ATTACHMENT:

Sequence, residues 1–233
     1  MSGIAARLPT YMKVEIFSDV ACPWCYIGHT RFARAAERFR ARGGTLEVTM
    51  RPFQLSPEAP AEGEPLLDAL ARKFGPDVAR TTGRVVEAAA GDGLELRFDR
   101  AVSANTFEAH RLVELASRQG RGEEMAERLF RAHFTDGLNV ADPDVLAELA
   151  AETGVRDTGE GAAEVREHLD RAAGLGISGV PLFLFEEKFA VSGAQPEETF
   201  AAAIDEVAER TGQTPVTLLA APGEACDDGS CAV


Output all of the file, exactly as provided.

Sequence, residues 1–233
     1  MSGIAARLPT YMKVEIFSDV ACPWCYIGHT RFARAAERFR ARGGTLEVTM
    51  RPFQLSPEAP AEGEPLLDAL ARKFGPDVAR TTGRVVEAAA GDGLELRFDR
   101  AVSANTFEAH RLVELASRQG RGEEMAERLF RAHFTDGLNV ADPDVLAELA
   151  AETGVRDTGE GAAEVREHLD RAAGLGISGV PLFLFEEKFA VSGAQPEETF
   201  AAAIDEVAER TGQTPVTLLA APGEACDDGS CAV